The Women’s March on Washington is set to take place on Jan. 21, and while it’s estimated that thousands will be hitting the streets of D.C., don’t be surprised if there are quite a few pops of defiant pink in the crowd courtesy of The Pussyhat Project. The empowering knitting project, which launched the weekend of Thanksgiving, hooks up marchers with handmade wooly cat-eared caps. These symbolic chapeaus are intended to make a strong visual statement at the protest (as well as provide warmth to the wearer!), and give those unable to attend a crafty way to get involved. (Bustle has reached out to the Pussyhat Project for comment.)
The creative venture was conceived by two California-based friends, screenwriter Krista Suh and architect Jayna Zweiman, who have long shared a love of knitting. Crushed by the results of the 2016 election (Suh campaigned for Democratic nominee Hillary Clinton in Ohio), and seeking out ways to productively get involved, it didn't take long for the creative duo to channel their frustrations into a feminist movement.
With the help of their knitting teacher and local yarn shop owner Kat Coyle, the design for the "pussy power hat" was born. "Pink, cat ears, and made of materials anyone in the U.S. could get, with a super simple pattern," are what defined the hat, co-creator Krista Suh told Hello Giggles.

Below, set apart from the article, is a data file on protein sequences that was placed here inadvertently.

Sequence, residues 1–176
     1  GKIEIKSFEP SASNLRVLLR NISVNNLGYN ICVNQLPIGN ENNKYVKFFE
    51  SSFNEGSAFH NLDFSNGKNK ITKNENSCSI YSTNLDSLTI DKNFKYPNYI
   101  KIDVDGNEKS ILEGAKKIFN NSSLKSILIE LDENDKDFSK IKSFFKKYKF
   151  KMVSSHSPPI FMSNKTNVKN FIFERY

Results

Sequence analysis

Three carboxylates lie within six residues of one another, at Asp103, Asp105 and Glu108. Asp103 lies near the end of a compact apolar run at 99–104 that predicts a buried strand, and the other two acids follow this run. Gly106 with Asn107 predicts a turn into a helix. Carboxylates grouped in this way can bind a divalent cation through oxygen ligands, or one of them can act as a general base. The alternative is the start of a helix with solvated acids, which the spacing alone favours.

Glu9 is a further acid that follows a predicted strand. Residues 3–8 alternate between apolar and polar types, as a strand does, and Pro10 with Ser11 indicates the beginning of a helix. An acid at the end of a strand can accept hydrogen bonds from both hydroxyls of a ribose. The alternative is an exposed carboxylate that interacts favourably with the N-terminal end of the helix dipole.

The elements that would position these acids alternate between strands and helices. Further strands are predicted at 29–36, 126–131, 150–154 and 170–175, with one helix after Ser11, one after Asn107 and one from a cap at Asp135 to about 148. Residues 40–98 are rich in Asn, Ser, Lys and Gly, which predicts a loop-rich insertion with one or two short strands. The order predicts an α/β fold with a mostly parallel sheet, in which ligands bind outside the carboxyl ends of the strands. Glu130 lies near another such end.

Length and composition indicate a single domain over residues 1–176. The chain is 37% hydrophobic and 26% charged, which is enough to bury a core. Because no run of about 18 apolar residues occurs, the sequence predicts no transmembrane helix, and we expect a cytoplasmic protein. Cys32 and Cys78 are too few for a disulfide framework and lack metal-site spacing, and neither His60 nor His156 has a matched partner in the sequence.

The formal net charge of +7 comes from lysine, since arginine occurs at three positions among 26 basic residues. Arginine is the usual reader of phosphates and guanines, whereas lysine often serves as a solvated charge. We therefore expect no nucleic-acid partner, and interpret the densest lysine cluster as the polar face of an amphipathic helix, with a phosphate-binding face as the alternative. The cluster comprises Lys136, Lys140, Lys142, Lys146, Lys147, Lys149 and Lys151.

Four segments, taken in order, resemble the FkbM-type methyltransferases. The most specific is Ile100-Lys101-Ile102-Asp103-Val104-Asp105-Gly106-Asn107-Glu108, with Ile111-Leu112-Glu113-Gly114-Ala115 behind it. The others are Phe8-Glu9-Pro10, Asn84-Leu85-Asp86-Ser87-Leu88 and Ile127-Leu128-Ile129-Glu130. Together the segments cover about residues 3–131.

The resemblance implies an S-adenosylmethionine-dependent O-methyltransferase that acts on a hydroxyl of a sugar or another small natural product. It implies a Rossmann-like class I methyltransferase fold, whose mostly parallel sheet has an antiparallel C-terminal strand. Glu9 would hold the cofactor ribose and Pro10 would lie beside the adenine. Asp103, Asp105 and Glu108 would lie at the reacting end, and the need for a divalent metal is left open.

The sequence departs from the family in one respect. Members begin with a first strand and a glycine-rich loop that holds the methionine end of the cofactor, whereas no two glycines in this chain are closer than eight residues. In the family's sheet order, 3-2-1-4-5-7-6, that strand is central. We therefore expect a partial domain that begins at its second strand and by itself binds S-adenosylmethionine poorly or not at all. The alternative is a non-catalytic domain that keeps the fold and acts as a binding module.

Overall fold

Setting up a website and spreading the word with a bit of social media promotion was all it took to get women from across the country (and now the world) involved. Suh envisions an instant connection forming between hat-wearers of all walks of life on the day of the march — and if all goes well, a sea of pink flooding the Washington Mall, too. “Wearing pink together is a powerful statement that we are unapologetically feminine and we unapologetically stand for women’s rights.” states the Pussyhat Project manifesto.
The name of the project is both a barbed reference to Donald Trump's shocking "grab them by the p*ssy" comment, as well as a way to shine a healing light on the word. "We love the clever wordplay of 'pussyhat' and 'pussycat,' but yes, 'p*ssy' is also a derogatory term for female genitalia," the manifesto reads. "We chose this loaded word for our project because we want to reclaim the term as a means of empowerment."
The co-founders encourage everyone to participate in hat making, no matter their skill level. Whether you knit, crochet, or sew, there's a pattern available on the Pussyhat project website that will suit your needs. Once the hat is complete, upload the details of your creation to the official Pussyhat registry. If you do not plan on marching, hats are being collected by mail to be distribute to marchers at drop points in D.C. which are yet to be determined. With over 150,000 people planning to attend the march based on it's Facebook page, there is a lot of demand for hats.
For more information and to get involved, follow the Pussyhat Project on Twitter and Instagram.